Morning is Annamaria O'Brien's favorite time of day: The quiet serenity and solitude of an empty kitchen, where she can craft pastries and other baked goods. Luckily (for both her and Santa Fe as a whole), she now has the space in which to do just that. In July, O'Brien opened Dolina Bakery & Café, a quaint daytime spot that melds the Eastern European flavors of her childhood with traditional American breakfast favorites.
Slovakian by birth, O'Brien came to the United States 17 years ago to study English and, after traveling around the country, stumbled upon Santa Fe. "I absolutely fell in love with it," she says. "Not just the city, but also with my ex-husband." She made a home here, and began a career in the restaurant scene. Her extensive experience includes a decade at fine-dining landmark Geronimo and then helping to open Café Fina in 2012. However, she was never quite able to focus on her passion for pastries as much she would have liked. Thus: Dolina Bakery, housed in the old Clafoutis space.
"Often in the United States, desserts can be overwhelmingly sweet, and it doesn't have to just be about the sugar," O'Brien says. "There are such wonderful other flavors; it doesn't have to be too sweet to be delightful."
That's true of the tvarohovy struhany ($3.25), a traditional Slovakian pastry made from Eastern European probiotic cheese and topped with crumbled chocolate dough. It's a brilliant breakfast pastry—rich but not heavy, sweet but not overwhelming, with a unique blend of flavors that are hearty enough to keep you full till lunch.
And though it's tempting to put together an entire meal from the pastry case alone, Dolina's menu does extend to more standard breakfast faves, like a breakfast burrito ($8.50) or cornmeal waffles with buttermilk-fried chicken ($12). I was craving something hearty, and $10 gets you a generous serving of three ricotta pancakes topped with berries, maple syrup and whipped cream. The accoutrements highlight the delicate flavor and soft, almost gummy texture of the ricotta.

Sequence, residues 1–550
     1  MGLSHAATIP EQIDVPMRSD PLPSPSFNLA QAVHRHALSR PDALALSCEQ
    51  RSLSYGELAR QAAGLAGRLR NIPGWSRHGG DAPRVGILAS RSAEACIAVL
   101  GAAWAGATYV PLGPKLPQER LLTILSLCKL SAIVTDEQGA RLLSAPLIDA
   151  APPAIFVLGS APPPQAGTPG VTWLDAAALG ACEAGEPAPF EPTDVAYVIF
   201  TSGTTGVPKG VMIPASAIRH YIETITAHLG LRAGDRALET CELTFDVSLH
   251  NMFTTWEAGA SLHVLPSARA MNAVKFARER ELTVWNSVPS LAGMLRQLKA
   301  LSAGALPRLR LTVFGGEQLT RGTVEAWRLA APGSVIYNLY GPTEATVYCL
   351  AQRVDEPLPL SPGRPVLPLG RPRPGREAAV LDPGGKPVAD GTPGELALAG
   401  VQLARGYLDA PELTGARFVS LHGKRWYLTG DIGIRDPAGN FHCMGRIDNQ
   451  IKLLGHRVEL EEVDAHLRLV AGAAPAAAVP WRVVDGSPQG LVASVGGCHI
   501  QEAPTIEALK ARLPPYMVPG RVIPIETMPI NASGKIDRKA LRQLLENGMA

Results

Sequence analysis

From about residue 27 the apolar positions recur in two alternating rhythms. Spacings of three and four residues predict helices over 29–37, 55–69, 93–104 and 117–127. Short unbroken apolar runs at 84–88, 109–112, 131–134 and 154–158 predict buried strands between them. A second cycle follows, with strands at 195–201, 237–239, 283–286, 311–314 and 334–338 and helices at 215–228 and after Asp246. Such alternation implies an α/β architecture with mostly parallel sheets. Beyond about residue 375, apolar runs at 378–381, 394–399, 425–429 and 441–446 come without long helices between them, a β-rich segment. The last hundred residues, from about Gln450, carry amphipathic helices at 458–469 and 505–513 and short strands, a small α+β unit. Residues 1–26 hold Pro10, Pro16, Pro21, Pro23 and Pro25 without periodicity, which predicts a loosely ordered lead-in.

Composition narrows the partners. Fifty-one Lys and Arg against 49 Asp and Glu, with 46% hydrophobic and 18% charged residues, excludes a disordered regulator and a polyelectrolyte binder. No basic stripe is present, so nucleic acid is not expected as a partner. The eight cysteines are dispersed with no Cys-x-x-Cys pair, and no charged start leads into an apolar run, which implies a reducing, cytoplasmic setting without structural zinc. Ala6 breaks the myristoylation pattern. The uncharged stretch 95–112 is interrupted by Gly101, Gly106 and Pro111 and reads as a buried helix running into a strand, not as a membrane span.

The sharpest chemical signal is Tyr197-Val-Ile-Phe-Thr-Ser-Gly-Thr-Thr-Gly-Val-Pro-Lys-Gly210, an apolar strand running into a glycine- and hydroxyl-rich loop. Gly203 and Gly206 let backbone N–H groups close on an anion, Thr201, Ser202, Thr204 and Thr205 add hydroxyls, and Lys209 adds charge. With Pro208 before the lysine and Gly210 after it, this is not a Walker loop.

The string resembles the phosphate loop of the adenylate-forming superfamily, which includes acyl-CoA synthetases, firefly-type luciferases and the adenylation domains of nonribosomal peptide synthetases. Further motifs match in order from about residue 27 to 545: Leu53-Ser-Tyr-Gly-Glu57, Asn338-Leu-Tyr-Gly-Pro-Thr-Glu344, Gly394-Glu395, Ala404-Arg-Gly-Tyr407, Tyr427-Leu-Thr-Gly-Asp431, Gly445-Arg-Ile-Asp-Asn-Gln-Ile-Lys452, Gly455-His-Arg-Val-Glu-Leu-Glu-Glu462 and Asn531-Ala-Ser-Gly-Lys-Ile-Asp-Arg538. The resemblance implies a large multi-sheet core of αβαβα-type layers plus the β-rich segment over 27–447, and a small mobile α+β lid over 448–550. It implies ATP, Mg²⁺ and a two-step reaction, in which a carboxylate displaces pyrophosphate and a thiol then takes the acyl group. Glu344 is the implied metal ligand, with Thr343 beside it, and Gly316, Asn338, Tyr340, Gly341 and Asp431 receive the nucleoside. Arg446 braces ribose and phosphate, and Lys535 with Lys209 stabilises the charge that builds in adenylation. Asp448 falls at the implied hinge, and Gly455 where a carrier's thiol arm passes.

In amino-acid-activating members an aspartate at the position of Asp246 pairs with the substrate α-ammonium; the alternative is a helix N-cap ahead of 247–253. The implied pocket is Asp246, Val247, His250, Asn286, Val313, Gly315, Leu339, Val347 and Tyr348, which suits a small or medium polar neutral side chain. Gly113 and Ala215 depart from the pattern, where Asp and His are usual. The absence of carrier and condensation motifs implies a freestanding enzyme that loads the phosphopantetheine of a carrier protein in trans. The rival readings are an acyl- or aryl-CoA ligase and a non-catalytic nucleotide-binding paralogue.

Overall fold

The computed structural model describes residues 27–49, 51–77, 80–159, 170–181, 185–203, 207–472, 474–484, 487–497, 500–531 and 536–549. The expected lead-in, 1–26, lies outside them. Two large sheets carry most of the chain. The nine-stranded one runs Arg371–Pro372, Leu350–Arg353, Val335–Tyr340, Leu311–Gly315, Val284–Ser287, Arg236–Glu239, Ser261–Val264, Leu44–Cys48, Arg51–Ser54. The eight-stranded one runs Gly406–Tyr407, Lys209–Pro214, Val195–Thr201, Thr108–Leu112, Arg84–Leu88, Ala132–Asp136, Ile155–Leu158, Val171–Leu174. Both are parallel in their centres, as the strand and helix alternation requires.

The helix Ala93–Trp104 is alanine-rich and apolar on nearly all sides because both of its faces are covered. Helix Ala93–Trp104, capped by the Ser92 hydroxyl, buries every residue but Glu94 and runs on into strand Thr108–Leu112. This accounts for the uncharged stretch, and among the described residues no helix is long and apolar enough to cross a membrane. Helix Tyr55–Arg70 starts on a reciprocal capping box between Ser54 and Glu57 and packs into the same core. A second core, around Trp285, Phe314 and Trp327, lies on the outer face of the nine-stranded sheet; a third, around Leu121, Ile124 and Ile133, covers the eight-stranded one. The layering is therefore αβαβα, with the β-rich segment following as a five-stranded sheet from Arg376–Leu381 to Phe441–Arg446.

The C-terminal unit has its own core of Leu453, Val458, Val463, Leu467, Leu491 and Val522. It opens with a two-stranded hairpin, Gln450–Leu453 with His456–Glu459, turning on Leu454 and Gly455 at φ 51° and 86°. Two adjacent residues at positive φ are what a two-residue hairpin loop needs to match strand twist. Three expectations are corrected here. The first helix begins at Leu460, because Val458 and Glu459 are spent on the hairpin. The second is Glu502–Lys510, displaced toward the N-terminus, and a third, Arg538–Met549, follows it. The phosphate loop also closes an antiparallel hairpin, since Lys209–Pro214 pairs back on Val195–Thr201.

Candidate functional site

To balance out the sweet on the table, I ordered green chile cheese hash browns ($6) which came out hot and smothered with a green that, while not the spiciest, had a delightful kick and delectable savoriness. In the battle of flavor versus spice, I'll take flavor any day. The real winner here, though, is the cheese—a generous serving of asadero in all its melty, gooey glory bubbling throughout the crispy, crunchy hash browns.
My companion's order of French toast ($12) was another of O'Brien's not-as-sweet sweets. The bread used reportedly changes often, but while we were there, it was a cinnamon walnut swirl, topped with caramelized apples, orange zest and maple syrup. The flavors blended together so well we didn't even miss the extra sweetness.
At $3 per bottomless cup, the coffee runs on the expensive side, but a cappuccino runs just 50 cents more. The fresh turmeric and ginger lemonade ($7) comes with honey and cayenne and tastes like health in a glass—seriously, when I get my first cold of the season, I'm heading straight over to get one.
The lunch side is well-represented, too, with a house-poached tuna sandwich with capers, pesto and pickled red onions ($12), Caesar or spinach salads or a bowl of seasonal soup (each $8.50). O'Brien speaks highly of the often-featured Hungarian goulash. Made according to a traditional recipe with Hungarian paprika but accentuated by poblano peppers and Navajo beef, it incorporates the souls of both of her homes. She's even subbed the flour for potato starch, making it gluten-free.
Santa Fe loves a good breakfast joint, and while Dolina is still new, I already count it among my favorites in town. However, the perennial problem of this space persists: Parking is a nightmare. Sundays make finding a spot a little easier, as the neighboring business is closed, but I'm not the only one to have figured that out. If you want to skip the wait for a table, try grabbing a place at the community table, or just order pastries at the counter and head back home to eat them in bed—we can't all be morning people.
Dolina Bakery & Café
402 N Guadalupe St., 982-9394
Hours: 7 am-3:30 pm Monday-Friday; 8 am-3:30 pm Saturday and Sunday
Order: The tvarohovy struhany ($3.25)
Pair with: The cappuccino ($3.50)
Price range: Around $15-$20 per person